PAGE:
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‘I wanted to do something for my community:’ Stephen Graf

Smithers volunteer fire chief retires after 37 years

Getting abruptly woken up in the middle of the night and rushing out the door to work is something Stephen Graf is well accustomed to.

During his 37-year career with Smithers Fire Rescue as a volunteer firefighter, Graf regularly sacrificed his sleep and his safety to help the community at a moment’s notice.

“The calls can happen any time of the day, and most of the time, it usually happens at one or two o’clock in the morning,” said Graf.

“When the call comes in, you get alert and you get down to the hall as quick as you can. You do your job, and make sure everyone goes home safe and then you go home.”

Now, more than three decades since he first started volunteering, Graf has hung up his gear and retired from the fire department.

“It’s bittersweet. It’s been my life,” he said.

Graf said he feels like it is the right time and wants to make way for the next generation of volunteer firefighters.

Looking back on his many years as a dedicated firefighter, he said despite the demands, it was worth it to help others. He trained with the team every Wednesday and spent numerous weekends doing practice simulations focusing on live fires, first response training or trying new equipment.

After decades of battling blazes, Graf is an expert in predicting how a fire will behave. However, he said there isn’t a one-size-fits-all way to handle a fire.

“It’s an art. Every one is different, but there are things to look for, like the way the smoke is happening. You get to learn how to read smoke and decide what kind of a fire attack you’re going to do, is going to be a defensive or an offensive attack,” he said.

“You learn a little bit more and a little bit more every time you go out there.”

The intense commitment, unpredictability and danger that encompasses firefighting might turn some away, not Graf.

“I wanted to do something for my community […] It’s a tough job, but it’s a rewarding job.”

“What kept me in it was just helping the community, and the team that I have. We’ve become like a family, and that’s going to be the hard part, not being able to hang out in the family anymore,” he said.

An April 4 Facebook post from Smithers Fire Rescue announcing Graf’s retirement wished him well and thanked him for his many years of service.

“The amount of work Captain Graf performed to aid our community can never be measured. Even on his last day, he participated in training because that is the type of person/leader he is, he leads by example,” read the post.

Graf’s commitment to helping the community extends far beyond firefighting alone.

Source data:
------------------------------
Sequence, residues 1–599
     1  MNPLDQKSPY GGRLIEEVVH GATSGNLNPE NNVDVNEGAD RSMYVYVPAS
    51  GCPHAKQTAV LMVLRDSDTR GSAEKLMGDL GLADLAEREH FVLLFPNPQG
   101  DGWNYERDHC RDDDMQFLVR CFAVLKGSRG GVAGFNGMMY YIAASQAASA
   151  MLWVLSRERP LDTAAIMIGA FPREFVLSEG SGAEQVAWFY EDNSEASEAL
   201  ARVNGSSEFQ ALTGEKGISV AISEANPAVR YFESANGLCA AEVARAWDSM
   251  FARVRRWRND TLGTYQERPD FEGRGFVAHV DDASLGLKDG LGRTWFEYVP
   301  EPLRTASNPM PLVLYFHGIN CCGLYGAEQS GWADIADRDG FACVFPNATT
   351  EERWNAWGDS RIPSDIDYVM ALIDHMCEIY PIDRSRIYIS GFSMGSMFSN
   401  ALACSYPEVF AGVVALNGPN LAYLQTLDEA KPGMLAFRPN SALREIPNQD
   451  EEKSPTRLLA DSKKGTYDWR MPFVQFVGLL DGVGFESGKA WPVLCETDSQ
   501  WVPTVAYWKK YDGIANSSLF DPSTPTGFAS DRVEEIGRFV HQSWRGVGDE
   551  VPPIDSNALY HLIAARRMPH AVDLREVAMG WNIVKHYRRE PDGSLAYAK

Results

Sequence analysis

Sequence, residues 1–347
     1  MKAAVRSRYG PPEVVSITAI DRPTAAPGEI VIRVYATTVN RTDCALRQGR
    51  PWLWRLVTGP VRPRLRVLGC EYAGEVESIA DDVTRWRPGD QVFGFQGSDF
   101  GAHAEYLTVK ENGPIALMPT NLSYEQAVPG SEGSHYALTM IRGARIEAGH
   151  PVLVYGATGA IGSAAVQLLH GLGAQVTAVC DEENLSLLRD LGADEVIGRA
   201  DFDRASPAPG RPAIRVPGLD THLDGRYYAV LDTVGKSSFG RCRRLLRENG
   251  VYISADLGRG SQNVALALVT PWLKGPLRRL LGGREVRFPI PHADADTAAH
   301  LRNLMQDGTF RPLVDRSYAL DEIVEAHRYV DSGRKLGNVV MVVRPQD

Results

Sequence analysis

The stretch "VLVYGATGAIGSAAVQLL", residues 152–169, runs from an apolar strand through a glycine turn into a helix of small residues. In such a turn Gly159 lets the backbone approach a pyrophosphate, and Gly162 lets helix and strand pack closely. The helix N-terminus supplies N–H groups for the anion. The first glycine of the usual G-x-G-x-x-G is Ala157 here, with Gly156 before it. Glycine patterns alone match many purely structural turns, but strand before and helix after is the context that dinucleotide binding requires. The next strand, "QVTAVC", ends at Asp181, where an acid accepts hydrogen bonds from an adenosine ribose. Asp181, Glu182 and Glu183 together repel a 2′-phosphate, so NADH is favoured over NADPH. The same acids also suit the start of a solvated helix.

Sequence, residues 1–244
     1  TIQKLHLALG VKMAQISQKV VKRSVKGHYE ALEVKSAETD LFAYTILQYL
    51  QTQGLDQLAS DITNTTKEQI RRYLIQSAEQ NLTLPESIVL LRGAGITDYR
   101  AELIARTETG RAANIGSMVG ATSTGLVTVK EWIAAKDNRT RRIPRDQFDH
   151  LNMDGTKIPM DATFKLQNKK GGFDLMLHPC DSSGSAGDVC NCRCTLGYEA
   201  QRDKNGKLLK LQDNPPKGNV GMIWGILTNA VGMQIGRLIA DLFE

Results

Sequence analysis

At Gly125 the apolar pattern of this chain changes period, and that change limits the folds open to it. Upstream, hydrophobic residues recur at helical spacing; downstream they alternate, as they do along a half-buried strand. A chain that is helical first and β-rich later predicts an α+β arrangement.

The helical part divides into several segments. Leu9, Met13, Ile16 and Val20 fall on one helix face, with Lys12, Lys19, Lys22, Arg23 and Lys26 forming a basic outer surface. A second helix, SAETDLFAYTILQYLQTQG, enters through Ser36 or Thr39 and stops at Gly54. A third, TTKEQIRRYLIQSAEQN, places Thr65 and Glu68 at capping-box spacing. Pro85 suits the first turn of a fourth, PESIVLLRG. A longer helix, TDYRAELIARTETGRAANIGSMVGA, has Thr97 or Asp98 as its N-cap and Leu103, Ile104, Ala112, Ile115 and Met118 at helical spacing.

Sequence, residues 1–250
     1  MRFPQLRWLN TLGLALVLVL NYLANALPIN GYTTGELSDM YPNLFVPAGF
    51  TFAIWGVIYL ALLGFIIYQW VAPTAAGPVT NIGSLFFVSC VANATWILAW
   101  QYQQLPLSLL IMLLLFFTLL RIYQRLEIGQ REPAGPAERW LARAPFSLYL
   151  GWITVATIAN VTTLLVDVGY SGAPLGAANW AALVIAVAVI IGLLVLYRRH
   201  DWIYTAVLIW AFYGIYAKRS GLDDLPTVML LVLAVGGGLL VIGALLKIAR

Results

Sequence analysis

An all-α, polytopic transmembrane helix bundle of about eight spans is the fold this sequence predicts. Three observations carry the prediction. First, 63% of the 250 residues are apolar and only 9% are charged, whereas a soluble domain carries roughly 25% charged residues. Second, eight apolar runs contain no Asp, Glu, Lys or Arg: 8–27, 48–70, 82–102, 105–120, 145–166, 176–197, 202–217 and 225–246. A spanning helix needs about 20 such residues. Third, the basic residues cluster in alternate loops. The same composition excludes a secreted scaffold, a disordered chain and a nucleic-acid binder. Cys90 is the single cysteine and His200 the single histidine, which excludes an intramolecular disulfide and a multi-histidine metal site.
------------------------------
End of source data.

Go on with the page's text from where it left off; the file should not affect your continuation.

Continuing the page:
He has helped lead Smithers Fire Rescue’s fundraising for Muscular Dystrophy Canada, which has raised over $1 million for the charity.

When he wasn’t volunteer firefighting Graf was a co-owner and operator of the Harley Davidson of Smithers dealership, which did business from 1985 to 2020.

The fire department muscular dystrophy team started raising money in the 1980s, and Graf recalls the deputy chief at the time coming to him with the idea to do a raffle on a Harley Davidson motorcyle.

“He’d come to me and said, ‘you know, we should […] raffle a Harley off, so we raffled the Harley off, and we did that for 20-some years.”

“I’m pretty proud of that,” said Graf, emphasizing his pride in being part of the team and getting to give back.

While Graf spent countless hours training and fighting fires, it wasn’t all work and no play.

He said one of his favourite parts of the job was “getting to play with some cool stuff” during the training simulations. He enjoyed working with the jaws of life, trucks and other tools.

Even now, Graf is making plans to visit the fire hall to check out its newest truck.

His fondness for tools and trucks included both the new, shiny equipment and the more ‘retro’ items.

“We got a 1930 Fire truck, and I’ve been able to drive it in the [Fall Fair] parade for a few years,” he said, adding that he enjoys driving the older vehicle.

The truck was originally part of Smithers’ fleet but was sold.

“We had sold it, and then an old firefighter, he found it in Vancouver, and we negotiated it and we bought it back and restored it.”

The restored truck is a favourite for the children who watch it in the parade, said Graf.

As for what comes next for him post-retirement, Graf said he plans to “just take it easy for a little while.”

“Then, I’ll probably volunteer to do something to give back to the community,” said Graf.

“It feels good to help people.”


About the Author: Jenna Legge

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